After that they always had 4 keepers per lighthouse, 3 on duty and one on leave. These would be a principal keeper, an assistant and a supernumerary or trainee, all of whom worked 8 hour shifts. Their duties were clear and included keeping a log, reporting on wind speed, visibility, barometric pressure and windforce which apparently they guessed by how it felt on their cheek   Since cleaning was also part of their duties they didn’t touch the brass rails on the stairs. Apparently no keeper would touch the rails!

Flat Holm  ©

Reading from her account of her life on Flat Holm, John told us about Mrs Trezise who was there in 1926-9. At that time Flat Holm was considered the worst land lighthouse to work in but when her husband was appointed keeper there she was delighted. There were 9 people there at that time including the caretaker and his wife who looked after the hospital. In one year the weather was so bad that they couldn’t get provisions for nearly two months and had Christmas with no perishable food. To make matters worse one woman had a baby during this time and they nearly ran out of Nestlés milk!! In 1929 it was re-designated as a Rock Lighthouse and Mrs Trezise went to live in Swansea.

Mrs Trezise’s account can be read here

Instructions from those days included: lighting lamps and trimming them every three hours, maintaining watch, no bed or sofa was to be kept in the lantern room or watch room, everything had to be cleaned and polished and they should not cause any damage. They also had to either attend Church or the Principal Keeper had to conduct a service and deliver the sermon. Temperance, cleanliness and high standards of morality were also key demands.

John also talked about how the various lights were used and how they operated. The Mumbles lighthouse in 1794, for example, had two levels of fires. Lighting was by candles and bonfires until the introduction of lamps and clearly there were many dangers. After this they had oil lamps. Improvements came with the Argand lamp, which had an air flow up the centre which was more efficient than previous versions and was lit with heavy oil like whale oil. Later versions used kerosene. Improvements continued and soon came the introduction of reflectors at the back and large lenses at the front. Later still they used the Fresnel lamp which had rotating optics and was much more efficient.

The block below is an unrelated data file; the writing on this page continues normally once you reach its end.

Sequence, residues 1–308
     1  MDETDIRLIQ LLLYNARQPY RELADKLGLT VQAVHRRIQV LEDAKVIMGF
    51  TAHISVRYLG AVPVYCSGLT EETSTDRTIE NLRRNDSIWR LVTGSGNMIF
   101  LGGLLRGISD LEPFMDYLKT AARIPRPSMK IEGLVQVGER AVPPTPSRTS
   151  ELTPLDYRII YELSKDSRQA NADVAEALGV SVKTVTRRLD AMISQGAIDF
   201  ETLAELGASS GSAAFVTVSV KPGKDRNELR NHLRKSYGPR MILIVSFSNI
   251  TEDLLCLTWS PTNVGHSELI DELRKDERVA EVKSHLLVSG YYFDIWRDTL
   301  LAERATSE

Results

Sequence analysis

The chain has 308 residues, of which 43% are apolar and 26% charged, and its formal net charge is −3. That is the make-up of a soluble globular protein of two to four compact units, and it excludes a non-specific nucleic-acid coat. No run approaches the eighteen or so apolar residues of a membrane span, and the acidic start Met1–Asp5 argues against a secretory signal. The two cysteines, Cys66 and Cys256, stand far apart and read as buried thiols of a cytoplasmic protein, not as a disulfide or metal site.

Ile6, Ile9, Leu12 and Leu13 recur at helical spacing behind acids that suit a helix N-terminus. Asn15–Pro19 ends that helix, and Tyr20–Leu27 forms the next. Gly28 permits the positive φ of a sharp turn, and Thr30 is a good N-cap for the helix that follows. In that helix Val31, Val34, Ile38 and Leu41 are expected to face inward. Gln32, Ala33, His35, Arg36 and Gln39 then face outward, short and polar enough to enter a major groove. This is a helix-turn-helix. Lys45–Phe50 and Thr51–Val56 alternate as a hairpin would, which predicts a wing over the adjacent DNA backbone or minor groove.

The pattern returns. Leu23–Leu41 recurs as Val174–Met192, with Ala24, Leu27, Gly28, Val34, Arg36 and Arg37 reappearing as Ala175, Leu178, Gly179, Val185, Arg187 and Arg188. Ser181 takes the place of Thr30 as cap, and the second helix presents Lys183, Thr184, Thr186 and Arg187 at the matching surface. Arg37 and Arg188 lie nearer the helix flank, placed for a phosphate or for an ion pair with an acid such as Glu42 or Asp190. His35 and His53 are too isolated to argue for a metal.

Burnham beach lighthouse. Image taken from
Burnham tall tower. Image taken from

John went on to talk about Burnham lighthouses.  In 1895 a newspaper gave the origins of the Burnham Lighthouse and stated that legend had it that originally the “lighthouse” was simply a candle in the window of a cottage which a woman had put there to guide her husband home and due to its success was asked to do it permanently. Although this story has often been repeated, John said it was not quite accurate. Newspapers in 1846 reported that the first light was actually lit by a person on Stert Island, then an isthmus, to warn sailors of the dangers. Whatever the truth of the matter the first actual lighthouse was erected by the Rev David Davies of St Andrew’s Church, who paid for a tower to be built next to the church in 1801.   The number of vessels using the port increased after the lighthouse was built from 600 to 3000 and Trinity House took over its control from Rev Davies. A second tall lighthouse was put at the end of the channel and a third was erected on the beach because there was a blind spot. John explained that the one on the beach still works and that now all lights are remotely controlled.

In conclusion John mentioned briefly Watchet harbor light, Blackmore Point at Portishead which had a post in the middle to help rotation of the light and which was turned by a clockwork mechanism powered by a weight which had to be wound up every 2 hours, and finally Lundy which had a lighthouse situated so high that the top was often lost in the mist, so much so that another lighthouse had to be built lower down.

At which point time ran out. It was a fascinating story and clearly much more to be told.